Dietary Fiber, Whole Grains, and Head and Neck Cancer Prognosis: Findings from a Prospective Cohort Study

Christian A. Maino Vieytes, Alison M. Mondul, Zonggui Li, Katie R. Zarins, Gregory T. Wolf, Laura S. Rozek, Anna Arthur Parker

Research output: Contribution to journalArticlepeer-review


No studies, to date, have examined the relationship between dietary fiber and recurrence or survival after head and neck cancer diagnosis. The aim of this study was to determine whether pretreatment intake of dietary fiber or whole grains predicted recurrence and survival outcomes in newly diagnosed head and neck cancer (HNC) patients. This was a prospective cohort study of 463 participants baring a new head and neck cancer diagnosis who were recruited into the study prior to the initiation of any cancer therapy. Baseline (pre-treatment) dietary and clinical data were measured upon entry into the study cohort. Clinical outcomes were ascertained at annual medical reviews. Cox proportional hazard models were fit to examine the relationships between dietary fiber and whole grain intakes with recurrence and survival. There were 112 recurrence events, 121 deaths, and 77 cancer-related deaths during the study period. Pretreatment dietary fiber intake was inversely associated with risk of all-cause mortality (hazard ratio (HR): 0.37, 95% confidence interval (CI): 0.14-0.95, ptrend = 0.04). No statistically significant associations between whole grains and prognostic outcomes were found. We conclude that higher dietary fiber intake, prior to the initiation of treatment, may prolong survival time, in those with a new HNC diagnosis.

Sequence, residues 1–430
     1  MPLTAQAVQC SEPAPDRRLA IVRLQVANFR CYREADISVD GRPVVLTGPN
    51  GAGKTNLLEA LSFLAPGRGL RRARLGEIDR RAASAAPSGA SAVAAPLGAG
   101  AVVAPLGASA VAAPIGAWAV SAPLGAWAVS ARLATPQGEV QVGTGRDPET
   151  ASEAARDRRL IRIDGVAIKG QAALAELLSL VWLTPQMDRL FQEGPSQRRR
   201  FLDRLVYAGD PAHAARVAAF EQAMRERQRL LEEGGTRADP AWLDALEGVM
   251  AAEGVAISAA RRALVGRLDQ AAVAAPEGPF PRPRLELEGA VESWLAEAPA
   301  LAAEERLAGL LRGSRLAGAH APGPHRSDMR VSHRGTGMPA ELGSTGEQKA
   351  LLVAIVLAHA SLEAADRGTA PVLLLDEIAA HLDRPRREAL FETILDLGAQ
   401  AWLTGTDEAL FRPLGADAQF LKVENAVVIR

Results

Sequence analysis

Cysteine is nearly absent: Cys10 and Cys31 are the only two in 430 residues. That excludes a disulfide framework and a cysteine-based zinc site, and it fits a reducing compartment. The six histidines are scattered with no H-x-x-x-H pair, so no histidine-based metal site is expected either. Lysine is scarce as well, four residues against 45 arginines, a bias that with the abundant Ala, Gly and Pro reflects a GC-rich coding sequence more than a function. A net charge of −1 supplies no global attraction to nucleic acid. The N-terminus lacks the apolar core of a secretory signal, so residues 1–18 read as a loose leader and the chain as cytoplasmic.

Original languageEnglish (US)
Article number2304
Issue number10
StatePublished - Sep 27 2019


  • Cancer
  • Cancer survivors
  • Diet
  • Epidemiology
  • Fruit
  • Nutritional epidemiology
  • Obesity
  • Survivorship
  • Vegetables

ASJC Scopus subject areas

  • Food Science
  • Nutrition and Dietetics


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